If only we could rise above all the noise, this mess and so many other disasters could be avoided.

In the words of the Isaiah, a prophet accepted by Jews, Christians and Muslims alike:

“Do not call conspiracy everything this people calls a conspiracy; do not fear what they fear, and do not dread it. The Lord Almighty is the one you are to regard as holy, he is the one you are to fear, he is the one you are to dread.” (Isa. 8:12-13)

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Thoughts on the Rachel Corrie verdict

Rachel Corrie (image from Rachel Corrie Foundation)

I could hardly believe my ears as I was hearing reports about the Rachel Corrie verdict on NPR last week. For the uninitiated, Rachel Corrie was a 23-year-old American peace activist who died in the Gaza Strip in 2003 when a bulldozer driven by an Israeli soldier drove over her as she sought to block the demolition of a Palestinian home, according to fellow activists. The Israeli military claims she was killed by falling debris. After the Israeli Defense Forces cleared the soldier of any wrongdoing in the incident, Corrie’s parents brought a civil suit against Israel’s Ministry of Defense, seeking only $1 as well as accountability for their daughter’s death.

I can’t say that I was shocked by Judge Oded Gershon’s verdict, finding the Ministry of Defense not guilty. After all, this was an Israeli court ruling on the Israeli army. It was hard to believe the judge would be impartial, even if the court did find Israeli solider Sgt. Wahid Taysir guilty of killing British activist Tom Hurndall in January 2004. However, my jaw dropped when Gershon mentioned the reason for his verdict: “She (Corrie) did not distance herself from the area, as any thinking person would have done.”

Really? Any “thinking person”?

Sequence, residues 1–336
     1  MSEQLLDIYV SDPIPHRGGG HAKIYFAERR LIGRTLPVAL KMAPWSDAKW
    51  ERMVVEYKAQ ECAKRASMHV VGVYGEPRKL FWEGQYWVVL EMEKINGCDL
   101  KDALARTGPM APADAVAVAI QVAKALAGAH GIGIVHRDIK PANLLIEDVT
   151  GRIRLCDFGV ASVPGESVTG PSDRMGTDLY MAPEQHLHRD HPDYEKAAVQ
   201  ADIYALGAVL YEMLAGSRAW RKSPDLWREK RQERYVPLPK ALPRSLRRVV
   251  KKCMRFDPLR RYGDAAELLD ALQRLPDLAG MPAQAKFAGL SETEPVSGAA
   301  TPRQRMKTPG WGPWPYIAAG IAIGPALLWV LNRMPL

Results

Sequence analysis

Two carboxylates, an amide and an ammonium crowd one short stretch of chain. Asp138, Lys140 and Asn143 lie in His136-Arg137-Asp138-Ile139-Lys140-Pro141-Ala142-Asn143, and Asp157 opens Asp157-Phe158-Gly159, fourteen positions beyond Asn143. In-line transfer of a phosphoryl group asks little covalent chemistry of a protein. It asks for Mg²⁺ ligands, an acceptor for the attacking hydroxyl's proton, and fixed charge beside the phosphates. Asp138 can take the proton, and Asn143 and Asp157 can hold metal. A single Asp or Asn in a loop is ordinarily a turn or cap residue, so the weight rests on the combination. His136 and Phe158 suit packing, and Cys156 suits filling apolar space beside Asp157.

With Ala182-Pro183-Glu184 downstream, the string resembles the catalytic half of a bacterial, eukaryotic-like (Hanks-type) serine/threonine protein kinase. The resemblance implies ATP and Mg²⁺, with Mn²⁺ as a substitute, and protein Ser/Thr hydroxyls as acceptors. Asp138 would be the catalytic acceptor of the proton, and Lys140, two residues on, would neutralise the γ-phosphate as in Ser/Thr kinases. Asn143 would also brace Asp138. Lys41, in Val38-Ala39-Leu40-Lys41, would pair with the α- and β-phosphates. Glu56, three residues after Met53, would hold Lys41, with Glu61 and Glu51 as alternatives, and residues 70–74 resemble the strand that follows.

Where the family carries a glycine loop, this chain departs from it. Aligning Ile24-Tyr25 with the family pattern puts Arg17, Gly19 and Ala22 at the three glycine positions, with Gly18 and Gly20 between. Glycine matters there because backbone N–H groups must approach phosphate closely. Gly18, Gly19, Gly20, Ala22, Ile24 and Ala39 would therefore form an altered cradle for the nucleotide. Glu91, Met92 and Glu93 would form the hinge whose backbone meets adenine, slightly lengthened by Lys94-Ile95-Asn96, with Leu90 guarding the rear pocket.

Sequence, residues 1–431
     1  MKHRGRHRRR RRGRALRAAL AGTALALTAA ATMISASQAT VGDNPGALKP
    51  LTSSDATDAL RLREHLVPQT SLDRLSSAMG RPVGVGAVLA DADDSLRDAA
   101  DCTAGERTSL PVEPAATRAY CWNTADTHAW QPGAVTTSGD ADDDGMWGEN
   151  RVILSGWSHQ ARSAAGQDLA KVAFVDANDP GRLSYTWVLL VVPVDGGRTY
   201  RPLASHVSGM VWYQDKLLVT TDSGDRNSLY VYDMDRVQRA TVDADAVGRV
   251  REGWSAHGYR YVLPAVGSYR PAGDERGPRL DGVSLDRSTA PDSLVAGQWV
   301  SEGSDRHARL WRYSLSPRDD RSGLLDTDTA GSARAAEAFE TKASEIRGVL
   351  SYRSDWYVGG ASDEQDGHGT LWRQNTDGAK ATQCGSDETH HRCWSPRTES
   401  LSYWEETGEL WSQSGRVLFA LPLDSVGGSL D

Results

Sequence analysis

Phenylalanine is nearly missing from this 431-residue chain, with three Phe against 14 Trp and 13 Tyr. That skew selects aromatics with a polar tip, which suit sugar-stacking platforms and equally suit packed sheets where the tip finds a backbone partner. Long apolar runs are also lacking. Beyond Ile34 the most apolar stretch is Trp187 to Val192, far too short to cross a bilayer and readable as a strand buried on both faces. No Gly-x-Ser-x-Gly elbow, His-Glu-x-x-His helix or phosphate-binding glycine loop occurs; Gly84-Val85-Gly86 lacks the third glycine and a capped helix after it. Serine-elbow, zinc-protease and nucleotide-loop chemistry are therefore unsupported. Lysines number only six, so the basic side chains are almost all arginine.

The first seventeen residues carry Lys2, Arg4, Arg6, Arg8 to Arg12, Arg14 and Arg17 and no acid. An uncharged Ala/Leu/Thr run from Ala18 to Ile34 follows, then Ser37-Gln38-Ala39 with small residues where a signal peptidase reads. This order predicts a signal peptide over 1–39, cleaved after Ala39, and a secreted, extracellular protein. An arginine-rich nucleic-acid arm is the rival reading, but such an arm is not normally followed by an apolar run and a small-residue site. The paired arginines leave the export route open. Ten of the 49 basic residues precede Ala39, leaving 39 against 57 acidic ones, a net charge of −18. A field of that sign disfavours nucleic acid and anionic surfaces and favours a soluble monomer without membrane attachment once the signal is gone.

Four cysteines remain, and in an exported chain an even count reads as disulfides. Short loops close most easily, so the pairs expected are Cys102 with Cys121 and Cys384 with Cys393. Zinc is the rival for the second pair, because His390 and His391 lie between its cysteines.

Perhaps, in accordance with Judge Gershon’s interpretation, Gandhi was not a thinking person either. After all, the Indian civil rights leader encouraged the Indian people to engage in civil disobedience, leading protestors to receive severe injuries by the British occupying forces in certain protests. Add Martin Luther King Jr. as another name to the list of “non-thinking persons.” For he organized freedom rides in which protestors’ buses were set afire and marches in which demonstrators became the target of fire hoses and police attack dogs, as they sought to protest unjust Jim Crow laws in the South. Both of these leaders put themselves in harm’s way for the cause of justice and urged others to do so as well. And how about the pro-democracy protestors who were killed in  Tiananmen Square in 1989 after standing up to the Chinese army? The list of fellow “unthinking persons” goes on and on …

Granted, all of these former protests were not taking place in a war zone like the Gaza Strip during the Second Intifada, where Corrie ultimately gave her life while joining with fellow protestors from the International Solidarity Movement. But like these great civil rights leaders, Corrie was protesting injustices, specifically military occupation and the practice of house demolitions, which happened regularly throughout the Intifada and continue to this day. In fact, the Israeli Committee Against House Demolition declared 2011 was a record year of displacement, with the destruction of 622 Palestinian structures by Israeli authorities, including 222 family homes. A total of 26,000 Palestinian homes have been demolished since 1967,  according to ICAHD.

To me, these issues have taken on a personal nature. I’ve gotten to know a family whose home was demolished by Israeli authorities several years ago — not for military reasons, but because Israel sought to annex land into Jerusalem while avoiding annexing residents there — and I had the privilege of helping them rebuild their home in 2007. This was a wonderful family who taught their children to avoid hating their enemies, despite the unjust circumstances they faced.